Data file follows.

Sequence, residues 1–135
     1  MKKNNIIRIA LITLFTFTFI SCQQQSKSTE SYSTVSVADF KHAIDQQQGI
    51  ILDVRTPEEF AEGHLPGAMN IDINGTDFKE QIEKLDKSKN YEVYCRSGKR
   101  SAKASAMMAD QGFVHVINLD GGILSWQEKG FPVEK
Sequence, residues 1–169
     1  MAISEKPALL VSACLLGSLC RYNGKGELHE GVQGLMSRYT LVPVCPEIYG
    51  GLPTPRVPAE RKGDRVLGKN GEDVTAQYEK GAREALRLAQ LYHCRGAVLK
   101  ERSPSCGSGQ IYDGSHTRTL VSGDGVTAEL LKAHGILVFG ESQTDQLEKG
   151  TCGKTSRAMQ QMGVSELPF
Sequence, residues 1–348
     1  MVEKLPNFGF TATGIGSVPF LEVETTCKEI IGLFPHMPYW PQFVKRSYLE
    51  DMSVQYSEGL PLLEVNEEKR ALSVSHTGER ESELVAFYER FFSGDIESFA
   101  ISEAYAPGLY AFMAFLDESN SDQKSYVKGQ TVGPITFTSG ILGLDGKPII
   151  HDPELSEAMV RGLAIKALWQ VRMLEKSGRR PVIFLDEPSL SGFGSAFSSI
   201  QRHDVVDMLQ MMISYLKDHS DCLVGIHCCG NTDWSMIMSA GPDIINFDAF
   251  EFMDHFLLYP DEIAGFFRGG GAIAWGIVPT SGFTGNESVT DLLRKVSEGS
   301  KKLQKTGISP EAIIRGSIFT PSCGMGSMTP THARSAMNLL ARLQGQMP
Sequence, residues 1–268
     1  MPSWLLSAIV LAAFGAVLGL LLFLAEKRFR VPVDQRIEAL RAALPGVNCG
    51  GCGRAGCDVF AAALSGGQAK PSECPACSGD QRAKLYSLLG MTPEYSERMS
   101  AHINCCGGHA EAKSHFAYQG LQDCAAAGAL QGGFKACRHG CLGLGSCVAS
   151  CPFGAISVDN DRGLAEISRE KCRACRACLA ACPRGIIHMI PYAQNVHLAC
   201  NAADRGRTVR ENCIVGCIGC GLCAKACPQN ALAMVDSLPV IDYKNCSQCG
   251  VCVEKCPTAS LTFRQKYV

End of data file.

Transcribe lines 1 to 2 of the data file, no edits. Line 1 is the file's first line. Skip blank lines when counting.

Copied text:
Sequence, residues 1–135
     1  MKKNNIIRIA LITLFTFTFI SCQQQSKSTE SYSTVSVADF KHAIDQQQGI